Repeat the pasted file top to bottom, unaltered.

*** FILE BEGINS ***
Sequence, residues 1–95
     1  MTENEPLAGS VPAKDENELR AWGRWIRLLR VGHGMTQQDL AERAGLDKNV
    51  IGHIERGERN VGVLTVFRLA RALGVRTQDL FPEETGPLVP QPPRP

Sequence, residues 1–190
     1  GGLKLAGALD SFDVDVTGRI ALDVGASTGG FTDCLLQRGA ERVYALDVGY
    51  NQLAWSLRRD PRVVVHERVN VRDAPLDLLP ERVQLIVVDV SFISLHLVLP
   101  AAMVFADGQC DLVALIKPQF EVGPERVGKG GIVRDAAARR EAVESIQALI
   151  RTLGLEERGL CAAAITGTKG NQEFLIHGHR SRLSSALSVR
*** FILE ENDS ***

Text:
Sequence, residues 1–95
     1  MTENEPLAGS VPAKDENELR AWGRWIRLLR VGHGMTQQDL AERAGLDKNV
    51  IGHIERGERN VGVLTVFRLA RALGVRTQDL FPEETGPLVP QPPRP

Sequence, residues 1–190
     1  GGLKLAGALD SFDVDVTGRI ALDVGASTGG FTDCLLQRGA ERVYALDVGY
    51  NQLAWSLRRD PRVVVHERVN VRDAPLDLLP ERVQLIVVDV SFISLHLVLP
   101  AAMVFADGQC DLVALIKPQF EVGPERVGKG GIVRDAAARR EAVESIQALI
   151  RTLGLEERGL CAAAITGTKG NQEFLIHGHR SRLSSALSVR